On a crisp autumn day almost exactly two years ago, we drove down the long, oyster shell driveway that leads to Avalon Farm. Flanked on either side by fields of wheat-colored grass, Jack Greer and I made our way down the gravel road toward an old farmhouse perched on the shore of Kent Narrows.
Michael Pelczar greeted us at the kitchen door, holding it open to usher two Chesapeake Bay retrievers out before welcoming us in. We entered a warm, cheery kitchen and sat down with a cup of coffee.
For Jack, it was a reunion. He’d known Michael for years, but hadn’t seen him for a while. For me, it was an introduction –– a chance to talk with a man so central to the history of Maryland Sea Grant, the University of Maryland, and to the discipline of microbiology (“Microbes to Mute Swans”).
As we talked, I glimpsed a unique lens on the passage of time. Here was a formidable scientist and passionate steward of the Chesapeake Bay who’d watched his beloved estuary change from the same vantage point on Avalon Farm over the course of more than 40 years.
He knew right from the start that it would take the expertise of various disciplines working together to promote conservation and restoration of the Bay. This was prescient –– a way of approaching the study of science that would still be struggling to be fulfilled years later.
My encounter with Michael Pelczar was only a brief morning over a cup of coffee, but it touched me deeply. Here was the very embodiment of a life fulfilled. A rich legacy of a long professional and academic career and an even richer legacy of family. His office was filled with pictures of his six children and dozens of grand- and great-grandchildren. That morning, his daughter Ann was with him at the farm, helping make us feel at home.
Upon publication of the article about Michael Pelczar in Chesapeake Quarterly, we received notes from our readers. One stood out in particular. Norman Hines was an undergraduate student under Dr. Pelczar in 1960-1961. He wrote that he still has Pelczar’s textbook, Microbiology (written in 1958), on the bookshelf in his office. He wanted to know how to contact him. He wanted to let Dr. Pelczar know that he’d left an enduring impression, and maybe even to stop by the farm when next out to visit a cousin on Kent Island.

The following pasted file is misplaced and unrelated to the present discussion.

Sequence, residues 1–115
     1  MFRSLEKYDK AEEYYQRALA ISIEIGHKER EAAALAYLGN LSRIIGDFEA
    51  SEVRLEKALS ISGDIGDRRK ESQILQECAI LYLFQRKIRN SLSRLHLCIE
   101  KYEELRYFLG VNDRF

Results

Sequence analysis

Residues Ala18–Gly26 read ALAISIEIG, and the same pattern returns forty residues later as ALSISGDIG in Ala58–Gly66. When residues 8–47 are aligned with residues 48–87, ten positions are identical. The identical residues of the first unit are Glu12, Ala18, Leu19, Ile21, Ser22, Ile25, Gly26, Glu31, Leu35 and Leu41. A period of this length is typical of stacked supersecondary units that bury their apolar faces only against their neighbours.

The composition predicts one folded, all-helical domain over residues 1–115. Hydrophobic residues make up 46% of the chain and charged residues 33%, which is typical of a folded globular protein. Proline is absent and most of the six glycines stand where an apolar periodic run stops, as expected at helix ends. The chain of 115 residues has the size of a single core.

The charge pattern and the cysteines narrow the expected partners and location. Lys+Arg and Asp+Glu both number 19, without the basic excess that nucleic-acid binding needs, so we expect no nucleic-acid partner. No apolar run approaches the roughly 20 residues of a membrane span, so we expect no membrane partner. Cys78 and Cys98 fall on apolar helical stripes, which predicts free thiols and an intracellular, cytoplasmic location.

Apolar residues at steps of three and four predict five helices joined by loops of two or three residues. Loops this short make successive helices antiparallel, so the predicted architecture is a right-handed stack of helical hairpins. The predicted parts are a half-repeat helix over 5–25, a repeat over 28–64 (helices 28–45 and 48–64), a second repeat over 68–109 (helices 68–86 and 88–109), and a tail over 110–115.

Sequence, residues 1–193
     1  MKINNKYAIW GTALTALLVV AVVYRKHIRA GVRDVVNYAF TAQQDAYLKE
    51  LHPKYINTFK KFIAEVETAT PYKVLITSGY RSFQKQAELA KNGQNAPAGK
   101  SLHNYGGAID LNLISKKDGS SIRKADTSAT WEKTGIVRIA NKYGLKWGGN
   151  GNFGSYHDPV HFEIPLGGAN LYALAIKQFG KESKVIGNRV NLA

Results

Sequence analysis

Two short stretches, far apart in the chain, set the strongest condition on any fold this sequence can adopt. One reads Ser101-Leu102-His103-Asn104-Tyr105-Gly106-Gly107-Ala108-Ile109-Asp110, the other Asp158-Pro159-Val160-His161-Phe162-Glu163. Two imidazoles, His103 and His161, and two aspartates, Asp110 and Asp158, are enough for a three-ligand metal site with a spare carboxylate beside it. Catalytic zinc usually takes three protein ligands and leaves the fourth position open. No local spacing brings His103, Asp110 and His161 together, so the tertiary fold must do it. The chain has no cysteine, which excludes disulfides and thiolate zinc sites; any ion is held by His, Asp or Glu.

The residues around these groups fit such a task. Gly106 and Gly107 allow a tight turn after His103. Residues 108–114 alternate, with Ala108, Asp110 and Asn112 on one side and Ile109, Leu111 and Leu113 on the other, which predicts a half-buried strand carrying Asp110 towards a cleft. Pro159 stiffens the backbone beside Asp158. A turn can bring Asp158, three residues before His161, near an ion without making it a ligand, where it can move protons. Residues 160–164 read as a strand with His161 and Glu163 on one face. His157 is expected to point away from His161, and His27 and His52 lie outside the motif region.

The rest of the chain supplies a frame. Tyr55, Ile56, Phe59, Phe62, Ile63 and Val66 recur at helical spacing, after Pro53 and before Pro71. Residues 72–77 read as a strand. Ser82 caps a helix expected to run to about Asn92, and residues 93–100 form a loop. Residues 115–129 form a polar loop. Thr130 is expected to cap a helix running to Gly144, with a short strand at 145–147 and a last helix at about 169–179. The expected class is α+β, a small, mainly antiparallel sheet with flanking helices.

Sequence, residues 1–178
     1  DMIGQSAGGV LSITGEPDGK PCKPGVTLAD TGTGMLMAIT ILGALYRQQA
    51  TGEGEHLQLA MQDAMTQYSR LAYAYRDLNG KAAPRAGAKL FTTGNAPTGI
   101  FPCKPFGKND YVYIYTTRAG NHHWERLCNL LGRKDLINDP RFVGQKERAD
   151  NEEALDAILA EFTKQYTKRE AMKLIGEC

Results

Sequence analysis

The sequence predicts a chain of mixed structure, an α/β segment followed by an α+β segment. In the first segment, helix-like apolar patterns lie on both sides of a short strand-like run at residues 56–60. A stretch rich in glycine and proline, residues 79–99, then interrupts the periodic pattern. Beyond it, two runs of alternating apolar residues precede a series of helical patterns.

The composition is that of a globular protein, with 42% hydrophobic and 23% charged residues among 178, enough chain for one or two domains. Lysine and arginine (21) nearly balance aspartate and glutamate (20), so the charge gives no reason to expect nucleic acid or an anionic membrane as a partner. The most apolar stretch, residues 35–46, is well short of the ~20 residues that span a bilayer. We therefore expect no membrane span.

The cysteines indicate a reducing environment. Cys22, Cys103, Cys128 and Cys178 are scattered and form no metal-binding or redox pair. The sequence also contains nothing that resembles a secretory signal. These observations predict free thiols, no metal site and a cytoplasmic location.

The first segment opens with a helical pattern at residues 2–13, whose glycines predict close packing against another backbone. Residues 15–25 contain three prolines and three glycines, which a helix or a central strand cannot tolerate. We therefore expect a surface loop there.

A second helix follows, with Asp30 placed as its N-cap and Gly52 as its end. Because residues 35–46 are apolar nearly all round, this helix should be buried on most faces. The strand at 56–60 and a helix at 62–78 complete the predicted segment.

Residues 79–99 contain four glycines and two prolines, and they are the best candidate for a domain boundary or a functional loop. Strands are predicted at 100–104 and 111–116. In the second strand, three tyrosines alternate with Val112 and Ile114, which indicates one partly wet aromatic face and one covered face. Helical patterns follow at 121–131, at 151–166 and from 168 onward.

Michael Pelczar passed away on October 13, 2009, just a few months short of his 94th birthday. His textbook Microbiology has recently been republished in India, with promises of more sales than ever. He had only weeks ago hosted a visit with his Indian colleagues who’d led the effort to bring his book up-to-date.
Michael Pelczar presented me with an autographed copy of Microbiology before I left Avalon Farm that day. When I heard of his passing, I took the book off the shelf and looked again at the quote by microbiologist Louis Pasteur in the Preface.
“Messieurs, c’est les microbes qui auront le dernier mot.”
“The microbes will have the last word.”
That was his favorite quote, he’d explained. I think it resonated so deeply for him because of his sense for the interconnectedness and intricacy of the natural world, with humans only a part of a vast ecosystem.
When we’d finished talking in the kitchen, Michael took us outside to see his elaborate garden. His peppers were ripe and Jack and I both went home with a bag full of miniature purples, yellows and reds.
From there, we wandered down the shore of the Bay. Though leaning heavily on a cane, Michael Pelczar was surefooted and strong. I will treasure the memory of that crisp, autumn morning, of a singular opportunity to meet a man with such conviction of mind and spirit, grounded by his roots on Avalon Farm and his love for the Chesapeake Bay.